See You Yesterday by Rachel Lynn Solomon

Published: 17 May 2022 (print)/12th May 2022 (audio) Goodreads badge
Simon & Schuster/Simon & Schuster
Pages: 432/12 hrs and 50 mins
Narrator: Emily Lawrence
Format: Audiobook
Genre: Young Adult
★   ★   ★   ★  – 4 Stars

Barrett Bloom is hoping college will be a fresh start after her messy high school experience. But when school starts on September 21st, everything goes wrong. She can’t switch out of her Physics 101 class even after being humiliated by the awkward guy sitting next to her, and she botches her interview for the college paper. At a frat party that night, she accidentally tips over a tiki torch and sets the place on fire. She panics and flees, and when she realizes her roommate locked her out of their dorm, she falls asleep on a couch in the common room.

The next morning, Barrett’s perplexed to find herself back in her dorm room bed, no longer smelling of ashes and crushed dreams. It’s September 21st. Again. And after a confrontation with Miles, the guy from her physics class, she learns she’s not alone—he’s been trapped for months.

When her attempts to fix her timeline fail, she agrees to work with Miles to figure out what’s going on. They start skipping their classes in favour of the library and research trips that take them into the unexplored underbelly of the university and across state lines. As Barrett starts to fall for Miles, the two of them must find a way to grow and change alongside the shifting fabric of the universe. But the one question they can’t answer is what they’ll mean to each other if they finally make it to tomorrow.

I love a time loop. Give me time loop stories every day of the week and I will be one happy reader. There is something about watching people cycle through the different stages and emotions when they’re stuck in time and seeing what choices they make, how they justify their actions and their theories on how and why they became stuck in the first place that is so wonderful to read about.

Obviously readers never get stuck in time loops because I wouldn’t try to escape until I’d finished reading all the books on my shelves. It’s all robbing banks and illegal or absurd activities, never finally having the time to catch up on your reading.

I really enjoyed the narrative Solomon has created. What I love about these stories is you can experience the same day over and over but one new action, one time to change things slightly can bring about new information that you never even knew was being hidden from you and between Barrett and Miles’ stories I loved having these little snippets of their lives revealed, each having an impact at the right moment. I was intrigued that through the whole thing we never see Miles’ side of the story, which was the right choice in the end because Solomon’s reveals are timed so perfectly there was no other way.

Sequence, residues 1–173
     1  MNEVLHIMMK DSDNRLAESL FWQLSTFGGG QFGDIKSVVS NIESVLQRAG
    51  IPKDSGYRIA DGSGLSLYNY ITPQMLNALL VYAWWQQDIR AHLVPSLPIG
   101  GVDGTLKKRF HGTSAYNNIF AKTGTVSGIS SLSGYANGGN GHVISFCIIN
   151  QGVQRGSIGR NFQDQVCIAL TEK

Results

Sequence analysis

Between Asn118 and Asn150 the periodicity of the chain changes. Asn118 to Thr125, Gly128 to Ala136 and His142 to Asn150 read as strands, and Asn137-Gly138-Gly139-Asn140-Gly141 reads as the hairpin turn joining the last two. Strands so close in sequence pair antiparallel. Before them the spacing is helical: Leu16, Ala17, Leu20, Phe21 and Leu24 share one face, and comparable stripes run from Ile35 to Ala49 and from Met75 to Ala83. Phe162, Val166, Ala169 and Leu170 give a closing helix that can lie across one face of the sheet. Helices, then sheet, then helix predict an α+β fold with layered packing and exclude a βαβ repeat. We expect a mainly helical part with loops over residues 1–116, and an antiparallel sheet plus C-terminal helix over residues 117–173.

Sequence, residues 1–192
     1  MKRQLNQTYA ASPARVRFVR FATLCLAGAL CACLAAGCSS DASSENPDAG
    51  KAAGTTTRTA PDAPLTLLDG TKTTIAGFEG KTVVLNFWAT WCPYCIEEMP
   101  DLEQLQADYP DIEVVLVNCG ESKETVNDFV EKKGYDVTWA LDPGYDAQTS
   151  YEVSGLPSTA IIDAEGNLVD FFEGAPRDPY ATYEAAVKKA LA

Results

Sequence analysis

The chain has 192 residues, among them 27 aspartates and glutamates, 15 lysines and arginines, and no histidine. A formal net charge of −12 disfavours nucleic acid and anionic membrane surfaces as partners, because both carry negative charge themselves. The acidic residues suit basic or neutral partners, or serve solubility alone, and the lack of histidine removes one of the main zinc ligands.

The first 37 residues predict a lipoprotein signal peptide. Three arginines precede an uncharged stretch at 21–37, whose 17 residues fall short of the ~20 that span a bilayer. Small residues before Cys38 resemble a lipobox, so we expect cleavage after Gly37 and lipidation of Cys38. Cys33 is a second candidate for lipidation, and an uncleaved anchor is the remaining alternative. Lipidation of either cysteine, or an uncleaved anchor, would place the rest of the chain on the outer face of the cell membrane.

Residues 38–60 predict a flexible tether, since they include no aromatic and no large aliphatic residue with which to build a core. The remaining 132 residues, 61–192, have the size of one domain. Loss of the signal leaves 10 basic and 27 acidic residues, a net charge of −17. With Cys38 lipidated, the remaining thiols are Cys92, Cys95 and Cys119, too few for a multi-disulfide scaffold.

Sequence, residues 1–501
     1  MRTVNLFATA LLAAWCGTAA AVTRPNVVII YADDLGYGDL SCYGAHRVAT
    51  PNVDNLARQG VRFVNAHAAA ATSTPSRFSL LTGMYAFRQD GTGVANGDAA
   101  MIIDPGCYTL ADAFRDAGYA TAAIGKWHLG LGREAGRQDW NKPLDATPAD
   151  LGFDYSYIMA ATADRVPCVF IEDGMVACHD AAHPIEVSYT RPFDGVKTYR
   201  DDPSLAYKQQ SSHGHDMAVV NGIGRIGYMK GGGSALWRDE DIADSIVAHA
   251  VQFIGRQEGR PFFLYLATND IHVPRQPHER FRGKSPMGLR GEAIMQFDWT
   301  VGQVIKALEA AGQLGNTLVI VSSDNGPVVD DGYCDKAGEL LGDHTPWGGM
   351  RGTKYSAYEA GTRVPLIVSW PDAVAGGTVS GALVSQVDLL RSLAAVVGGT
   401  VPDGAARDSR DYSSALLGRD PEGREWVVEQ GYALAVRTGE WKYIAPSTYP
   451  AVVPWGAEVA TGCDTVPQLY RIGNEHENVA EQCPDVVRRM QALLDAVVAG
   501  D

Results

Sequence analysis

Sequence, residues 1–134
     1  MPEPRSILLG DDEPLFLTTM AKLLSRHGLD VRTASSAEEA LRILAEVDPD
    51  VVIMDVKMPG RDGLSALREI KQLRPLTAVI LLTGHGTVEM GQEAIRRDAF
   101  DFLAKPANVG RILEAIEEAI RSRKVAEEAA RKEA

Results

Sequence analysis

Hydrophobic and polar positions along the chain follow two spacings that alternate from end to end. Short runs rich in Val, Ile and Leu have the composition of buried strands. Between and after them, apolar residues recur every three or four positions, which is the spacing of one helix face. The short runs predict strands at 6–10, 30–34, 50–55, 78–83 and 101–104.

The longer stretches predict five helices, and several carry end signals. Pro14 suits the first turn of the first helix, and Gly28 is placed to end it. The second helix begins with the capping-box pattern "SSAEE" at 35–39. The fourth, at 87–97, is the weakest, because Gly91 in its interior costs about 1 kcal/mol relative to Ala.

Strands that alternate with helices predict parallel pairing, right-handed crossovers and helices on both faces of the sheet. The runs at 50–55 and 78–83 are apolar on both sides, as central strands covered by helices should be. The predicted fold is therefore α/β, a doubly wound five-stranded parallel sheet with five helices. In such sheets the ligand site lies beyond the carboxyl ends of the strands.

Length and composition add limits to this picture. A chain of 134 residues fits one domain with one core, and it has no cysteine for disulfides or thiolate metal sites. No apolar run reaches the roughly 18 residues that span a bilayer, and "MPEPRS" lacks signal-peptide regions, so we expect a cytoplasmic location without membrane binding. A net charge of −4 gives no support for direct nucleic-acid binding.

For two people who both lamented how they had no friends and were lonely I was a smidge disappointed it didn’t stop with them becoming great friends but that isn’t what these YA stories are about, it’s about finding love and all that stuff. I’m not a total cynic, Solomon has done a great job with this story because the slow build up and the multiple loops are a great way to explore both characters and I love that there was time to explore a full range of emotions and see great character growth on both sides.

It’s classed as a YA and while both characters are still teenagers it’s their first day of college, a unique blending of their high school time and on the cusp of their new beginnings. It is a good choice because it’s a turning point from their high school selves and the start of something new, and it allows more freedom for the events in the story without limitations.

The resolution of the time loop is fantastic and Solomon never takes the easy road with answers or explanations. I loved the complexity of the story and the hints and themes running throughout that mean nothing but mean everything as well. When you get to relive the same day over and over little nothings become big somethings if you make a different decision.

You can purchase See You Yesterday via the following

QBD | Booktopia | Book Depository

Dymocks | WorderyAngus and Robinson

 Fishpond | Amazon | Amazon Aust | Audible

1 Comment (+add yours?)

  1. Agnes Reizik
    Nov 23, 2022 @ 17:22:06

    You wrote, “Obviously readers never get stuck in time loops because I wouldn’t try to escape until I’d finished reading all the books on my shelves.” I totally feel you on this! There is a story where one of the characters embraces this opportunity with time travel. The Dad in the movie, About Time. One of my favorite scenes. (Except, I wouldn’t re-read the same books like he does.)



Leave a Reply

Fill in your details below or click an icon to log in: Logo

You are commenting using your account. Log Out /  Change )

Facebook photo

You are commenting using your Facebook account. Log Out /  Change )

Connecting to %s

This site uses Akismet to reduce spam. Learn how your comment data is processed.

%d bloggers like this: